She also worries about CASB policies to manage cloud access and another set of policies for partner access to data repositories. While each of these has its place, none of them really protect the data since once a user has access, they can do whatever they want with it.
Challenges and Solutions of Privacy and Security Issues in the AI Era
On Monday, June 5, 2023, Jamie Holcombe, CIO at the US Patent & Trademark Office (USPTO), and Tad Mielnicki, Co-Founder of Overwatch, joined Ron Arden, Executive Vice President, CTO, and COO of Fasoo, Inc., in a discussion on how to mitigate privacy and security concerns in the AI era. Ron framed the conversation with how much has changed since the introduction of ChatGPT in 2022. Everyone was just getting used to coping with the hybrid workplace and changing security architectures to a zero trust posture, when this new tool and potential threat emerged.
A telling comment from the discussion was “AI will not replace you. A person or company using AI will.”
Just like any new technology, we need to embrace the good and the bad. Generative AI is already changing business, but we need to put guardrails in place to mitigate risks. Jamie mentioned the USPTO already has guidelines for patent examiners and using these tools. Generative means unsupervised and it’s important to review what the models produce.
Tad talked about preventing your sensitive data from getting into the models in the first place. By using a discovery engine to surface sensitive data, you can encrypt it with security policies that allow users to work, but limit copying into ChateGPT or other systems. If you use an internal LLM, you can encrypt all IP and privacy-regulated data. This ensures the data will never make it into the model, since you can prevent uploading or copying that data.
Ron talked about the capabilities of a true zero-trust platform that enables universal control of data at rest, in transit, and especially in use, while continuously validating that a user should have access to that data every time they use it. This protects your sensitive data from unauthorized access. Since you can limit the copying of the data into an AI tool, you limit exposure and liability.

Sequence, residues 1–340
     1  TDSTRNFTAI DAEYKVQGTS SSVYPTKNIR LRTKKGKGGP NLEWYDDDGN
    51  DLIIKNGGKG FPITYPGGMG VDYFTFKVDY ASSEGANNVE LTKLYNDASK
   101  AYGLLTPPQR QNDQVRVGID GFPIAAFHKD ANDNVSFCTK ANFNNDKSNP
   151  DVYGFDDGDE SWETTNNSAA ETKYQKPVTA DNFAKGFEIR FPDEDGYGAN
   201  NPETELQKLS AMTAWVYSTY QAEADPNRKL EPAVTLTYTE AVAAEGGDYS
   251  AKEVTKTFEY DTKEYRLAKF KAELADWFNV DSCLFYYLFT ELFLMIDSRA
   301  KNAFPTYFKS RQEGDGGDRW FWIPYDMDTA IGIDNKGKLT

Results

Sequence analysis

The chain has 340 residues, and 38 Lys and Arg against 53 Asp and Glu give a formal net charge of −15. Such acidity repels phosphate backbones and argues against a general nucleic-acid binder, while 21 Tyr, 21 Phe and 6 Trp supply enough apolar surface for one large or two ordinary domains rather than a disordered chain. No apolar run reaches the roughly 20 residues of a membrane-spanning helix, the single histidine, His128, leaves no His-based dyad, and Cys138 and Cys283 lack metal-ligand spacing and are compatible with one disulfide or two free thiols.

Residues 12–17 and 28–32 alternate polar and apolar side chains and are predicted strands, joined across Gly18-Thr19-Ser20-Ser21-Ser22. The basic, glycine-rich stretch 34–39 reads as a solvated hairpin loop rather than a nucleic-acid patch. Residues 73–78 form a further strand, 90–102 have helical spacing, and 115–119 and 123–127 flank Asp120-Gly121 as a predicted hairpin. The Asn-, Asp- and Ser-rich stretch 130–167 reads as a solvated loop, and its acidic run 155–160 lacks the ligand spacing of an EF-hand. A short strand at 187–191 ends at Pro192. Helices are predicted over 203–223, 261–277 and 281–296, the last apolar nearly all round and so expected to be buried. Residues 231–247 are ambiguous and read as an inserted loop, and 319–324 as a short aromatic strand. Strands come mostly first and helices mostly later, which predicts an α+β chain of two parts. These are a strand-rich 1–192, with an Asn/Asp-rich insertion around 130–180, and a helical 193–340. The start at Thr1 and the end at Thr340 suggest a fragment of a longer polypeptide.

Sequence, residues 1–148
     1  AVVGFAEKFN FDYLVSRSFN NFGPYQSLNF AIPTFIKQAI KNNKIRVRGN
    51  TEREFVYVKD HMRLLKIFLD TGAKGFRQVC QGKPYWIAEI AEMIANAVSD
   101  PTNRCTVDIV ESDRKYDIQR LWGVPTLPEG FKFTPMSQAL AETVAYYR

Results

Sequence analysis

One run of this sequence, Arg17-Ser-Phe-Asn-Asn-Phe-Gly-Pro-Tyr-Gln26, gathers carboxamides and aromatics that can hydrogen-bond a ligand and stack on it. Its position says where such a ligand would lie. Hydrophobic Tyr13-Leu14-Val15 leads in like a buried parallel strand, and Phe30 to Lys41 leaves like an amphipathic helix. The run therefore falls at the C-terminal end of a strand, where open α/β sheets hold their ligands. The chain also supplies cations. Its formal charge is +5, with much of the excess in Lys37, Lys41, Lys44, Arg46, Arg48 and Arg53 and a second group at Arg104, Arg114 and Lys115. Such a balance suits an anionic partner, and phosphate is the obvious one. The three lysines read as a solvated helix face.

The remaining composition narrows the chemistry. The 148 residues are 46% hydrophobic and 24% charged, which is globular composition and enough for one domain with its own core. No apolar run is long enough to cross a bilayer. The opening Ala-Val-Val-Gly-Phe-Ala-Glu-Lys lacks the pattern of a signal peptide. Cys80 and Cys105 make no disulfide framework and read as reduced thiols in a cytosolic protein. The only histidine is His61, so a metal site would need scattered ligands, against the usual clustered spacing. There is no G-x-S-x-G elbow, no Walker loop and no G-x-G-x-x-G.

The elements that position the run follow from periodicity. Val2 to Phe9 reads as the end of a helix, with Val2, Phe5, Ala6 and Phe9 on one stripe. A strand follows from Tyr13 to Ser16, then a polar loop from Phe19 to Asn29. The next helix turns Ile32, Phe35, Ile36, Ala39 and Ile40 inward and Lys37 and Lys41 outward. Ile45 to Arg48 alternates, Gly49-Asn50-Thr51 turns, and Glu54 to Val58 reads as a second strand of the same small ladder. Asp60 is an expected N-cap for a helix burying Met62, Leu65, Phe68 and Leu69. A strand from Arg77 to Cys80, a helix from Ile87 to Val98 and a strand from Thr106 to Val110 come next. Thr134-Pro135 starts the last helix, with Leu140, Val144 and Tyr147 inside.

Rather than focusing on pieces of a solution, the Fasoo Data Security Platform helps organizations discover, classify, manage, protect, share, audit, monitor, and analyze sensitive data. Since the fundamental principle is to protect first by encrypting and controlling the use of the data, it removes many of the concerns of protecting every location the data travels.
Click here for a replay of the panel discussion.
Fasoo Approach Minimizes Your Risk
During the course of the summit, a lot of attendees and analysts came to the Fasoo booth to understand how Fasoo’s Zero Trust Data Security can minimize the risks of AI, meet security and privacy regulations and protect sensitive data from both internal and external threats.
One IT manager wanted an easy way to protect IP from going out the door when employees left the company and also needed to share sensitive information securely with customers. He liked how the Fasoo Data Security Platform could help with both in one solution.
A number of visitors commented that Fasoo technology is very robust, balances security with usability, and integrates with an organization’s existing infrastructure. A common strategy is to make the technology almost invisible to users unless they try to violate a security policy. I remember one person saying, “I was a little skeptical during your presentation, but convinced once I saw it in action.”